The word "palfrey" is cognate with the German word for horse (of any type), "Pferd". Both descend from Latin "paraveredus", meaning a post horse or courier horse. The German term for a palfrey, meanwhile, is Zelter, which literally means "ambler" and is cognate with the Icelandic tölt.
An amble is achieved by the horse when it moves with a 4 step rhythm, either derived from the two-beat lateral gait known as the pace or from the diagonal trot, with the two beats broken up so there are four. There are several variations, but most either have a lateral sequence of footfalls (left hind, left front, right hind, right front), or a diagonal sequence (left hind, right front, right hind, left front). In either case, only one foot is all the way off the ground at a time. Such a gait can be maintained for long distances, and sometimes at considerable speed.
Ambling horses are now uncommon in Europe. They were effectively replaced by trotting horses for several reasons. The first was that travel by carriage became more common, and trotting horse breeds were generally larger and stronger, more suited to the job at hand. Another reason was the rise of the Thoroughbred and other breeds developed for horse racing and for light cavalry, both of which required horses able to gallop for substantial periods of time. Breeds swift at the gallop also tend to trot rather than pace or amble.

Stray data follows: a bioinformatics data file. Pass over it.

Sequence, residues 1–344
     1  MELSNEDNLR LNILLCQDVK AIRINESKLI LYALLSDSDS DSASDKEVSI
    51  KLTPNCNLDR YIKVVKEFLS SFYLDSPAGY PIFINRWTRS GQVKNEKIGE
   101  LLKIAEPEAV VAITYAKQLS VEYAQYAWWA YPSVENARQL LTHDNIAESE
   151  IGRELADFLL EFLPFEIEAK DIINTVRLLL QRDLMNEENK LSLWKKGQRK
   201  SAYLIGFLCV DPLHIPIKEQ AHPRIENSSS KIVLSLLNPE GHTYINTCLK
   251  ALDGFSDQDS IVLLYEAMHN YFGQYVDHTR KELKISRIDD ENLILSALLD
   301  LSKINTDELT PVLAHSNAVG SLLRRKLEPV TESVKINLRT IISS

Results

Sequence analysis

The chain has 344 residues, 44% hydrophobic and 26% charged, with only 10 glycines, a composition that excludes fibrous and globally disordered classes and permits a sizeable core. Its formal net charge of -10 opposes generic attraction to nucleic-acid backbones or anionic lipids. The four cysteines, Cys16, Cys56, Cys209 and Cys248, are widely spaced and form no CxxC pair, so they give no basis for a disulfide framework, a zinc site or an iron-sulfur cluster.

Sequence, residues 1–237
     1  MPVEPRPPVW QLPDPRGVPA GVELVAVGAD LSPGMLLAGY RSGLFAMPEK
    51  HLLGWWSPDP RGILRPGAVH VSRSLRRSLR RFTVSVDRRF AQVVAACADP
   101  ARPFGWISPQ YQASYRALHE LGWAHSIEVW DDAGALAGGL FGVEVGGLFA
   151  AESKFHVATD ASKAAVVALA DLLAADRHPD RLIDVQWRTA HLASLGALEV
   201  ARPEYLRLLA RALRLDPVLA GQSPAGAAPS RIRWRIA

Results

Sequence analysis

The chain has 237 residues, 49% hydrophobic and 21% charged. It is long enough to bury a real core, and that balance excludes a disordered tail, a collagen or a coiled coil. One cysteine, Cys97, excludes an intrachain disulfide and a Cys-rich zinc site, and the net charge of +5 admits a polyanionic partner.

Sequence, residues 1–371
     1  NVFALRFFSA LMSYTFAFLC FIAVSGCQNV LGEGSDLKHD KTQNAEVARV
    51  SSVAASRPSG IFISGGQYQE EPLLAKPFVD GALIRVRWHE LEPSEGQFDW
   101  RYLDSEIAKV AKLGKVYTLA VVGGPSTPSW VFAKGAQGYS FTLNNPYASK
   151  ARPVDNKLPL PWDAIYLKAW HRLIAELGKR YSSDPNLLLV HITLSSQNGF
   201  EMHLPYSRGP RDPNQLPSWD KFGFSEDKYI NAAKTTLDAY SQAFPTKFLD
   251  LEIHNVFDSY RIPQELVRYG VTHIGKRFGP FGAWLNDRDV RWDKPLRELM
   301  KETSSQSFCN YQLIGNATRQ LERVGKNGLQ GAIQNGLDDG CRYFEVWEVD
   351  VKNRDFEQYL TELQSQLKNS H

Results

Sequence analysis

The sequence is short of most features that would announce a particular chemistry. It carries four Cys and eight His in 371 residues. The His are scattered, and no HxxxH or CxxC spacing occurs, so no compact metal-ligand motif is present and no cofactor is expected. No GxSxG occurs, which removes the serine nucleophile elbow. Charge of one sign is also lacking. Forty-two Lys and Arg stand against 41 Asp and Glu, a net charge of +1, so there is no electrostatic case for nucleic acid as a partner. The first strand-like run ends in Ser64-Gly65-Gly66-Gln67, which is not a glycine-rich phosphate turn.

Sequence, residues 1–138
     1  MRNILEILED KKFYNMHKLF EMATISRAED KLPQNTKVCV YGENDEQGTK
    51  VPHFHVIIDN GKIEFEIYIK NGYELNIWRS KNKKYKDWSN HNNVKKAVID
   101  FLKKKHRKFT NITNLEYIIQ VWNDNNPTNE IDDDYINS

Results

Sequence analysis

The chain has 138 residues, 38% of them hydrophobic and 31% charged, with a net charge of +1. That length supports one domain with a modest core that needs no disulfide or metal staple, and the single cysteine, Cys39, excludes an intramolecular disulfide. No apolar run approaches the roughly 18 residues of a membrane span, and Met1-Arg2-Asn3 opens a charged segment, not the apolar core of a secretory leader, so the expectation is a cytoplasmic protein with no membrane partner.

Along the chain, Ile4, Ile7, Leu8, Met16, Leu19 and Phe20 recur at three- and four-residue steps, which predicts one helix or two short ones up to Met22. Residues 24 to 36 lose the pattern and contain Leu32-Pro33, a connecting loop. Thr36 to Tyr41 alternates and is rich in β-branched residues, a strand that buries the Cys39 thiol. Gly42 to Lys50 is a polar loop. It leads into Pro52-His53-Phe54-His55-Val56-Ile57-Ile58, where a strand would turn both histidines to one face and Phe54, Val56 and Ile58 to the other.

The smooth ambling gaits today have many names, including the single-foot, the stepping pace, the tolt, the rack, the paso corto, and the fox trot. (see ambling) Though ambling horses are less common today than in the Middle Ages, there are still many ambling breeds, particularly in North America where today they are referred to as gaited horses. Some of these breeds include the Missouri Fox Trotter, Tennessee Walking Horse, Icelandic horse and a sub-group within the American Saddlebred. The Paso Fino and the Peruvian Paso, breeds developed in Latin America, perform two or three different ambling gaits of varying speed, and are probably the closest modern descendants of the medieval Palfrey.